Terraform – using variables to initialize configuration

6 months ago I didn’t have a clue what Terraform was. In my previous workplaces I always worked with infrastructure already in place and hardly any changes were ever required. So I was very excited when I started a new job, because I knew I would have a chance to be exposed to more modern approaches to building infrastructure, such as Infrastructure as Code.

Recently I have been digging my teeth into modifying existing Terraform scripts in order to facilitate the migration of our microservices infrastructure from one AWS account to another. One task was focused on refactoring Terraform scripts to reduce code duplication (the provider is AWS). Below are some things that I learnt during this process.

The remote backend is used to manage Terraform state. This is to ensure that the state is stored somewhere else than your local machine, and that all team members have access to it and are actually working with the latest state of infrastructure. Backends also might support state locking – so if a colleague is amending the state, it will ensure that noone else can make changes at the same time (unless they force unlock the state).

When you deploy to multiple environments, it is good practice to place environment variables into separate files and pass them into Terraform commands. In this way, the rest of the code can be easily reused for each environment thereby ensuring that environments mimic each other. An example of difference in variables for each environment is that you might want to use a t2.small EC2 instance in development and c4.xlarge in production.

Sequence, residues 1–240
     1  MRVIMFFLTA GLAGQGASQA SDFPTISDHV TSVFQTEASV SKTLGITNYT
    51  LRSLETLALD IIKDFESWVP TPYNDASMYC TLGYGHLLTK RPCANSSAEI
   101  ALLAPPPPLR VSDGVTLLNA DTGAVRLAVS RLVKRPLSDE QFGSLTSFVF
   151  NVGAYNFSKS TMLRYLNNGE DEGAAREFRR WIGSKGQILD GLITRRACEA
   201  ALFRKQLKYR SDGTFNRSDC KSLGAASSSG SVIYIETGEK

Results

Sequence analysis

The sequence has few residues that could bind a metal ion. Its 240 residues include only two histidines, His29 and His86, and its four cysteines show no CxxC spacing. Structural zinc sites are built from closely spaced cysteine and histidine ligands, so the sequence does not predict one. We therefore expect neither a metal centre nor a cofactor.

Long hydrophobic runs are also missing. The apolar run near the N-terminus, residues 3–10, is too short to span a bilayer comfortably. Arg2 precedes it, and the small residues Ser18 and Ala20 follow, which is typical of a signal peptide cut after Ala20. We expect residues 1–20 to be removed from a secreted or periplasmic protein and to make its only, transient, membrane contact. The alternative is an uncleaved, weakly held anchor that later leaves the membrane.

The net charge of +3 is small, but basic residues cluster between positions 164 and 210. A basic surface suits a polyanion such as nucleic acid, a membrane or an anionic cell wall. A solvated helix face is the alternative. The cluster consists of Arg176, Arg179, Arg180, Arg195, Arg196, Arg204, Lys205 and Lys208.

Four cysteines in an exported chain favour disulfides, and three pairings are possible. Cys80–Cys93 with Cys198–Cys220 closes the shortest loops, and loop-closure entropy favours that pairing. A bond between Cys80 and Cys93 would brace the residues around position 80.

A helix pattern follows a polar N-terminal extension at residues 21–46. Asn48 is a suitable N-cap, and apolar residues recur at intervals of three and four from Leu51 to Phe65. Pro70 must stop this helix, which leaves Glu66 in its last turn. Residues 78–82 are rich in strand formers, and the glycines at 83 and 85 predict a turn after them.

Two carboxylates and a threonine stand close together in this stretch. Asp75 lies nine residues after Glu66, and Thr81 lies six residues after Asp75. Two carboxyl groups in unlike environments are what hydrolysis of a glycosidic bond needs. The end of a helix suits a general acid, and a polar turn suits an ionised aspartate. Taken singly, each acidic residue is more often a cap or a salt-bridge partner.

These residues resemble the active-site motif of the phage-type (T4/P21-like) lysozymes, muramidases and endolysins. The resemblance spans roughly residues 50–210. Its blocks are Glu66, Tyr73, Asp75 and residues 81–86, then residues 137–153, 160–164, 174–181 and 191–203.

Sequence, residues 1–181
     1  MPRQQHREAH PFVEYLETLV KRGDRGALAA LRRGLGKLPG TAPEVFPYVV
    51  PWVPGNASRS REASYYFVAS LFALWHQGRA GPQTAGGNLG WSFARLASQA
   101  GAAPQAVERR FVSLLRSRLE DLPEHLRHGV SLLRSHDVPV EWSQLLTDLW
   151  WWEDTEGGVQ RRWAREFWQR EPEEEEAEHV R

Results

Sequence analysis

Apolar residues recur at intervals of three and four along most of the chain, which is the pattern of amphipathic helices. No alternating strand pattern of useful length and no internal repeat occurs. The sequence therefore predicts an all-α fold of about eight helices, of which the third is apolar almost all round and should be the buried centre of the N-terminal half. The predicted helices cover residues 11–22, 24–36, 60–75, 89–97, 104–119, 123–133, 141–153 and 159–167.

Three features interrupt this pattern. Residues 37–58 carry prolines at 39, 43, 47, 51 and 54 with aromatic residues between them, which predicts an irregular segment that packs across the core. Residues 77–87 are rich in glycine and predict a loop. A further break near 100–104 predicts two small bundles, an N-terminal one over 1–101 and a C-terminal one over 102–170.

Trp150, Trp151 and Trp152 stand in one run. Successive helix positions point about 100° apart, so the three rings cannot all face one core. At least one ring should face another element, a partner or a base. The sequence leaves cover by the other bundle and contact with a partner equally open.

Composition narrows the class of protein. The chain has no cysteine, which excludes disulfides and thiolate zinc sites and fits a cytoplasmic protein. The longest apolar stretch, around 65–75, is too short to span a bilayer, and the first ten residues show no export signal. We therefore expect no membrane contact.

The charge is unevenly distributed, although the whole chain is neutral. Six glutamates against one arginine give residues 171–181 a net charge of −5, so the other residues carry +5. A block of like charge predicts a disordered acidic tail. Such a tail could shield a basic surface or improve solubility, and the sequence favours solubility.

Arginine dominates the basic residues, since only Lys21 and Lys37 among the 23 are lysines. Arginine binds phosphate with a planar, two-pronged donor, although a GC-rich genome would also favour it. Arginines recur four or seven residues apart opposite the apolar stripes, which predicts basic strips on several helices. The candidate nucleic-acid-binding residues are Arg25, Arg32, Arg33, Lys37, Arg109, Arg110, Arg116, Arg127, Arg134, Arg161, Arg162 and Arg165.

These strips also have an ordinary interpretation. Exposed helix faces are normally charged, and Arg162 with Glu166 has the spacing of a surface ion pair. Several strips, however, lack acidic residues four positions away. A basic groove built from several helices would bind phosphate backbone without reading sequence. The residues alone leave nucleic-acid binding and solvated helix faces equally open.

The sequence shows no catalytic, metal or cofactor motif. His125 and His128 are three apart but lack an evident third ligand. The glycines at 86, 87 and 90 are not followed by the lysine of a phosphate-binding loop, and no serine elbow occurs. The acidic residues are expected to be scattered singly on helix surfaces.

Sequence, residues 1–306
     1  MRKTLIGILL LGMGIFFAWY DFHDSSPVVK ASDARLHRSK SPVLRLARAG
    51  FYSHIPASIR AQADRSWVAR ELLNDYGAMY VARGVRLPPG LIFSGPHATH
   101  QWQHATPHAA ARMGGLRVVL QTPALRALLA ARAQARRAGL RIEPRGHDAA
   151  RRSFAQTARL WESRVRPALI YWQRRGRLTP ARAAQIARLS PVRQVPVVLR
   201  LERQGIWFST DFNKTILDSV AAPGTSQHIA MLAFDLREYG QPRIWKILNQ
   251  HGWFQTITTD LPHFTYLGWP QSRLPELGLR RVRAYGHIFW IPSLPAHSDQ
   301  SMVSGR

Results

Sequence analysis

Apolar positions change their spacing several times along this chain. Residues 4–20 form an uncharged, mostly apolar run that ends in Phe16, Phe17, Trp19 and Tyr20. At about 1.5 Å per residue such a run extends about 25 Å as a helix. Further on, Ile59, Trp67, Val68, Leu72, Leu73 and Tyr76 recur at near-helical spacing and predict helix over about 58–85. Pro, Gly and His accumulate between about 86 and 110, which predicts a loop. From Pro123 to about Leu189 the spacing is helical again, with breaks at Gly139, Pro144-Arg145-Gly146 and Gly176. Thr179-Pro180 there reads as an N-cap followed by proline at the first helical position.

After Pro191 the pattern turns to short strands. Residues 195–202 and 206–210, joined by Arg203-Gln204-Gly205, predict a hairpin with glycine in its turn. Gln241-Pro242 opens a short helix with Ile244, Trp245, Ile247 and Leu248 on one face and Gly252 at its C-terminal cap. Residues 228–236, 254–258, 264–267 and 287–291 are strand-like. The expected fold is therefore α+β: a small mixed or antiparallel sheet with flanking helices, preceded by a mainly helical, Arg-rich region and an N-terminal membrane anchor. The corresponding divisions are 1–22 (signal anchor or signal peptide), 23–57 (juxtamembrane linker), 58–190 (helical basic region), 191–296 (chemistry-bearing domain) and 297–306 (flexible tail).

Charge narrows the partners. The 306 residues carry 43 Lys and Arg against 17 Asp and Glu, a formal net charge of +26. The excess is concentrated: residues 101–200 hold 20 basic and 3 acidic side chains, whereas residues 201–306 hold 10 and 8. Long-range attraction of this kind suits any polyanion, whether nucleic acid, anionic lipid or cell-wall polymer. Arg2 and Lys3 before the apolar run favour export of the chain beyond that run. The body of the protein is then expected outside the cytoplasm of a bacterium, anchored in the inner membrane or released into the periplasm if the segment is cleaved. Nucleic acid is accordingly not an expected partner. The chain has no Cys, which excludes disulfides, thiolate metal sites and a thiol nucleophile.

It’s also good practice to separate backend initialization variables from the variables used elsewhere.

Say, I have a backend initialization block in HCL (I love and hate tech acronyms, there are so many of them; this one stands for Hashicorp Configuration Language):

As an aside: this means that I’m storing the state in an AWS S3 bucket called “my-tf-bucket” (which should already exist before you execute any Terraform commands); key is where the state is stored for the whole Terraform definition; dynamodb_table is a table used for locking the state and checking consistency. So, if I want to reuse the following code for all environments, I can create a variables file with the following content:

After that we can rewrite the backend part like so:

And to initialize the backend we need to run:

terraform init --backend-config PATH/TO/ENVIRONMENT_VARS_FILE -reconfigure

You need to add  the reconfigure flag in order to prevent migration of any existing states. I suppose if you’re starting from scratch, you probably don’t need to add this flag.

It would certainly be easier if it was possible to interpolate variables in the backend block. Unfortunately, it is not allowed, and I think there have been some requests to Hashicorp to make it possible – we shall see!